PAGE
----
Market Volatility Leads to Binance Suspending LUNA and UST Withdrawals

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Binance, the largest cryptocurrency exchange platform in light of UST having trouble recovering its peg to the US dollar, has decided to halt withdrawals of Terra (LUNA) and Terra (UST). 

The temporary blocking of withdrawals was revealed in a blog post on May 10th, citing “a high volume of pending withdrawal transactions” for which network congestion is to blame.

The exchange said that “Binance will reopen withdrawals for these tokens once we deem the network to be stable and the volume of pending withdrawals has reduced. We will not notify users in a further announcement.”

The revelation comes amid a time of significant volatility for the algorithmic stablecoin of Terra (UST), which has plummeted substantially against the dollar in recent days and is the third biggest stablecoin by overall issuance following Tether (USDT) and USDC.

There is no shortage of attempts in order to strengthen Terra (UST), including the Singapore non-profit organization Luna Foundation Guard (LFG) which was initially founded to support the entire Terra Ecosystem along with the Terra (UST) stablecoin, on Monday revealed that with the goal to get support for the peg of Terra (UST) against the US dollar, has devised a plan which includes lending a total of $1.5 billion in Bitcoin (BTC) and Terra (UST) to third-party trading firms.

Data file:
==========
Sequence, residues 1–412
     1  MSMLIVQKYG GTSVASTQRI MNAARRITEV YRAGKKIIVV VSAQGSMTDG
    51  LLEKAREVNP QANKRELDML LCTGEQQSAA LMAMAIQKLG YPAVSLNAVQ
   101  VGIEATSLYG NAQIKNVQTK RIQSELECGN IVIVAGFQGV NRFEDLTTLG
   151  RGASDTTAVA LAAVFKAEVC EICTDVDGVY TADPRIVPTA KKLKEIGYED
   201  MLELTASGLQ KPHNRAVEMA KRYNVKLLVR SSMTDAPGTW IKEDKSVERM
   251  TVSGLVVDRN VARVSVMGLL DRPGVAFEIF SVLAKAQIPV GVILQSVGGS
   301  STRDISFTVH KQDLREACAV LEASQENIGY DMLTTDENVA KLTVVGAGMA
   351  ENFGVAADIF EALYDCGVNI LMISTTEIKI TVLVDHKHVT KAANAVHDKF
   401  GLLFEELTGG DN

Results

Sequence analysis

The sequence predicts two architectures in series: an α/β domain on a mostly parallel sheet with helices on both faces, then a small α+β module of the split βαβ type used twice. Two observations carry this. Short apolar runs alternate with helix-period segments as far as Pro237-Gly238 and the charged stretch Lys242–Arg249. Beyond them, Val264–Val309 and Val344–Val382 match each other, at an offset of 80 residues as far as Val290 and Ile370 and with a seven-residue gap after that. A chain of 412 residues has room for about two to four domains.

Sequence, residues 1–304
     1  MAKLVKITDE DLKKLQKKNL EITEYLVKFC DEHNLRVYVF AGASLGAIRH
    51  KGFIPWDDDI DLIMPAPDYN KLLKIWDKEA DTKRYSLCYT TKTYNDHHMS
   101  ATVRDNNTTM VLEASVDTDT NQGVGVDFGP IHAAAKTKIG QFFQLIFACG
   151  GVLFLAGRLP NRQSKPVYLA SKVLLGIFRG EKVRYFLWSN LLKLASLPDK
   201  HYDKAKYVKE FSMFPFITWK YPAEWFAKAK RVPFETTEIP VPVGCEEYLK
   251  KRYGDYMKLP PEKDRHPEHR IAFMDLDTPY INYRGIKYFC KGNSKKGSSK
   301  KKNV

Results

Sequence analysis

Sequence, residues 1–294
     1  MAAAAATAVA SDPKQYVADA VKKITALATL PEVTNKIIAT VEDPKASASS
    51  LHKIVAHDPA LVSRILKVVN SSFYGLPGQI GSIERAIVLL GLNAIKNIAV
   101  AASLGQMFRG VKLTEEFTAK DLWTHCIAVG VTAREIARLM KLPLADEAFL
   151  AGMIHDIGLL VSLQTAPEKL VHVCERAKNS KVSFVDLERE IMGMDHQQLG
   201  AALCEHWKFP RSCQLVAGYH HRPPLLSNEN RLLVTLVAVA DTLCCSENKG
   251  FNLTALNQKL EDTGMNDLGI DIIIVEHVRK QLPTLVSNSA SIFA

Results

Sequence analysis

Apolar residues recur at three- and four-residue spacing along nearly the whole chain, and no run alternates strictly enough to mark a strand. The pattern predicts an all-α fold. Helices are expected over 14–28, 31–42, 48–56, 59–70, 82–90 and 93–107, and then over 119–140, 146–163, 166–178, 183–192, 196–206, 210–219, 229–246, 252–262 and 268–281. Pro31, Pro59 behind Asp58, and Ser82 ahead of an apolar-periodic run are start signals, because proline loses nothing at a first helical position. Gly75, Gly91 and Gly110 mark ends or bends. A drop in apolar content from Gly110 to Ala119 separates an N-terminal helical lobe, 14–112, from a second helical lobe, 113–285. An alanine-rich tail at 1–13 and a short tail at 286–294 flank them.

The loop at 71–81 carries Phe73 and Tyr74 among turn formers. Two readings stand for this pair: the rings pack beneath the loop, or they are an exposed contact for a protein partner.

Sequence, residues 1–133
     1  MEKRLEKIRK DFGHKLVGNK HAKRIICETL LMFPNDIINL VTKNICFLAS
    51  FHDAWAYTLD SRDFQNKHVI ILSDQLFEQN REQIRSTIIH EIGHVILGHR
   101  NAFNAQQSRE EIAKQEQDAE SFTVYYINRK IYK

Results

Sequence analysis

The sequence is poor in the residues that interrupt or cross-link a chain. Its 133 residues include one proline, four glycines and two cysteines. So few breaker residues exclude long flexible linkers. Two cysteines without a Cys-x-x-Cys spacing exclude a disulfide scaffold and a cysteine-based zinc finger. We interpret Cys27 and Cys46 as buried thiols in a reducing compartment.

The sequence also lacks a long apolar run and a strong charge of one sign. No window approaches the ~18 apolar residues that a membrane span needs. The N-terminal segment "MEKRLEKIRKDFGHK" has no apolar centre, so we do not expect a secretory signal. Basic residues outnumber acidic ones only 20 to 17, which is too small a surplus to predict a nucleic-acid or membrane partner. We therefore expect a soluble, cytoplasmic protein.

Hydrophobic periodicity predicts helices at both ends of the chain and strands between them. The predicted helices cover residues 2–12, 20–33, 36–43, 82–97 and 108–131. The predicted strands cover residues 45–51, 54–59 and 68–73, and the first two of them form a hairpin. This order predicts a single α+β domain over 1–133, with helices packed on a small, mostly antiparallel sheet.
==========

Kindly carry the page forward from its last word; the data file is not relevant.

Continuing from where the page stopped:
Despite this, the price of Terra (UST) has fallen in comparison to the biggest dollar-pegged stablecoin, Tether (USDT). On May 9, according to Binance data, it hit a low of $0.6065. In the hours following, it has rebounded to roughly $0.85 at the time of writing.

However, according to CoinGecko, the value of LUNA, the Terra blockchain’s native currency that may be burned in exchange for UST in typical market scenarios, has dropped from over $62.50 in a 24-hour period to around $28.50 at the time of writing.

Terra and LFG must also cope with significant volatility in the broader cryptocurrency market. The price of Bitcoin (BTC) fell below $30,000 briefly on Monday before rising to roughly $31,500.

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